Hurricane Zeta made landfall as a Category 2 storm in southeastern Louisiana on Wednesday evening (Oct. 28). The fast-moving storm traveled across the southeastern United States, knocking out power to more than 2.5 million people. KAY BENNETT
By Brandon Elrod and Gary D. Myers
NEW ORLEANS (BP) – Hurricane Zeta made landfall as a Category 2 storm in southeastern Louisiana on Wednesday evening (Oct. 28), passing over New Orleans around 7:30 p.m. before trekking across the southeastern United States and into the mid-Atlantic states as a tropical storm, leaving more than 2.5 million without power.
There are reports of widespread damage in Louisiana, Mississippi, and Alabama. Zeta is the fifth named storm to hit Louisiana this year. Louisiana climatologist Barry Keim told The Times Picayune that this is the largest number of named storms to hit the state since record keeping began in 1851.
“If this was a Cat. 2, I have had all I need,” George Ross posted on social media. “I can mark experiencing a hurricane off my list.”
Ross, the North American Mission Board’s (NAMB) Send City Missionary in New Orleans, also said he had already received reports of damaged churches, stating there “will be opportunities to serve.”
The eye of the storm passed directly over New Orleans, including the New Orleans Baptist Theological Seminary campus. No injuries were reported at NOBTS.
“Hurricane Zeta was a direct hit to our city and to our campus. We are grateful that we had no injuries on campus, and all of our people are doing well and in good spirits,” said Jamie Dew, president of NOBTS and Leavell College. “There is a good bit of damage to our campus, but we are still assessing that as we speak.”
The most significant damage on the NOBTS campus happened at the Farnsworth Apartment complex. A portion of the roof blew off as the eyewall passed over the campus. Falling roof debris crushed one car in front of Farnsworth. Tree damage was extensive throughout campus; several cars and campus fences were damaged by falling limbs and trees. Seminary officials are still assessing possible damage to the fiber optics network on campus.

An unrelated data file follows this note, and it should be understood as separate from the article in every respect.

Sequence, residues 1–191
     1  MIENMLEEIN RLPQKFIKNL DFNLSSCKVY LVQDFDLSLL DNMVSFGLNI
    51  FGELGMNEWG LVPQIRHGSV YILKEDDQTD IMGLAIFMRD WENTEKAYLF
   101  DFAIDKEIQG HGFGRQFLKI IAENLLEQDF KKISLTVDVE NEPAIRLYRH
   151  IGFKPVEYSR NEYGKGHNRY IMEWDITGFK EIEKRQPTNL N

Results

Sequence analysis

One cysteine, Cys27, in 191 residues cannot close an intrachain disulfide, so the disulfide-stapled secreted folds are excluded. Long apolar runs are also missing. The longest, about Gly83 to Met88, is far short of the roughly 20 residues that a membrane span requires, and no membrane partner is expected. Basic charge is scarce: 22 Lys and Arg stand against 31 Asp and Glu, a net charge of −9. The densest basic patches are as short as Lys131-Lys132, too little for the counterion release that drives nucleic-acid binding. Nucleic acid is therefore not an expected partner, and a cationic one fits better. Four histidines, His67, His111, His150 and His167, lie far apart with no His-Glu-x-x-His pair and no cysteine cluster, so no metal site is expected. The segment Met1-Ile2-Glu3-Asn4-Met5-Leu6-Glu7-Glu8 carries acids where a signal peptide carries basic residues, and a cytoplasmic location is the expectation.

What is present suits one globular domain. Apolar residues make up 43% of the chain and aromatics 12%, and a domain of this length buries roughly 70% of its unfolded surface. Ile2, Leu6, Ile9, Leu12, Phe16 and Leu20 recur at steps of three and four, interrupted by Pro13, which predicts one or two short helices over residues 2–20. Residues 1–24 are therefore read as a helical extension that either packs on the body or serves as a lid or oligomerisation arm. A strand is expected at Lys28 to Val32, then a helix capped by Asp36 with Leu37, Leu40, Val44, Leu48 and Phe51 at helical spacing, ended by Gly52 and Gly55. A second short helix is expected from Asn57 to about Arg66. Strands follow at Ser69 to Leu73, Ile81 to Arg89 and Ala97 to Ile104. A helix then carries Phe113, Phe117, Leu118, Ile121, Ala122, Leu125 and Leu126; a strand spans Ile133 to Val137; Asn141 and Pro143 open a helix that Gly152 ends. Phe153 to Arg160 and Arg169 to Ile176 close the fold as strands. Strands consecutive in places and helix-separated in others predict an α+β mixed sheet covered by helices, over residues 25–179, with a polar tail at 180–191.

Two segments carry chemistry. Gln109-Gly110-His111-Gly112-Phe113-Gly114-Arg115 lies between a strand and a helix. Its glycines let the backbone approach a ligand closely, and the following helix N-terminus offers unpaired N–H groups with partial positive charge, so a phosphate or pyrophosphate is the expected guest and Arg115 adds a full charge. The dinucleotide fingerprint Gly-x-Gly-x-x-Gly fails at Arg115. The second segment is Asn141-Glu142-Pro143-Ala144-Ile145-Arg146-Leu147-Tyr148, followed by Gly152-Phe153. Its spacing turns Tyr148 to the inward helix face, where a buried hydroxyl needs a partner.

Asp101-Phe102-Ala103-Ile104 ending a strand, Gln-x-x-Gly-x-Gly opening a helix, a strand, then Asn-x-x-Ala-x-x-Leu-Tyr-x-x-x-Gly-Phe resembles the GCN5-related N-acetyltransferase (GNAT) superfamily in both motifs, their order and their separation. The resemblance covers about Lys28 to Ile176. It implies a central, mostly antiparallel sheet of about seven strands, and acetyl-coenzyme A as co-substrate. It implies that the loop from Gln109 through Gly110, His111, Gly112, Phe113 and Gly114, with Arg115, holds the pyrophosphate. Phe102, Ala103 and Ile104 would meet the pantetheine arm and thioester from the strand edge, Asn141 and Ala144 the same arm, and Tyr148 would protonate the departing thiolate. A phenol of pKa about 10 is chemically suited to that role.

A cold front passed through on the heels of Zeta, and the campus community took advantage of the cooler temperatures and sunny weather by helping with the clean-up. Students, professors, staff members, and their families aided the clean-up efforts by piling up branches and debris, and the seminary grounds crews worked to cut up fallen trees and larger limbs.
Zeta knocked out power to most of the NOBTS campus, but some residences retained power throughout the storm. Neighbors with power shared cups of coffee with those who lost power and offered to charge power-drained mobile devices.
Café New Orleans, the seminary’s coffee shop, set up a coffee station in the residential portion of campus and offered free coffee to those participating in the clean-up. Tonight, the seminary will grill hamburger for members of the seminary family without power.
Gibbie McMillan, who leads men’s ministry and Southern Baptist Disaster Relief (SBDR) for Louisiana Baptists, said Grand Isle, La., had been hit especially hard. Several utility poles and roofs were destroyed by the wind, and the storm surge damaged several structures.
There have also been reports of significant damage in the Louisiana cities of Chalmette and Slidell, respectively to the east and northeast of New Orleans. Winds knocked out power to roughly 77 percent of residents in New Orleans according to NOLA.com.
McMillan and a few SBDR volunteers delivered a generator to NAMB missionary Kay Bennett at the Baptist Friendship House in New Orleans. The generator will help salvage a walk-in freezer full of food that the Baptist Friendship House uses to serve at-risk people in the city.
“Through SBDR and Send Relief, Southern Baptists will be ready to assist storm survivors,” said Sam Porter, national director of SBDR for Send Relief, Southern Baptists’ compassion ministry. “Our state directors and volunteer SBDR leaders are busy assessing the damage and determining where the areas of greatest need are.”
The Mississippi Gulf Coast experienced storm surges of up to nine feet according to a report from The Sun Herald. In the report, National Weather Service meteorologist Peter Grigsby said, “From a wind perspective, this is definitely the strongest storm you have seen since Hurricane Katrina.”
The fast-moving nature of the storm was a positive for the Gulf Coast region. The storm, with its 100mph winds, would have done far more damage had it lingered. In Alabama, however, more than 500,000 are without power, and the number in Georgia is near 1 million based on data collected on PowerOutage.us.
Zeta is the 27th named storm to come out of the Atlantic during the 2020 hurricane season. The number is one shy of the record set in 2005.
Brandon Elrod writes for NAMB. Gary D. Myers is director of communications for NOBTS.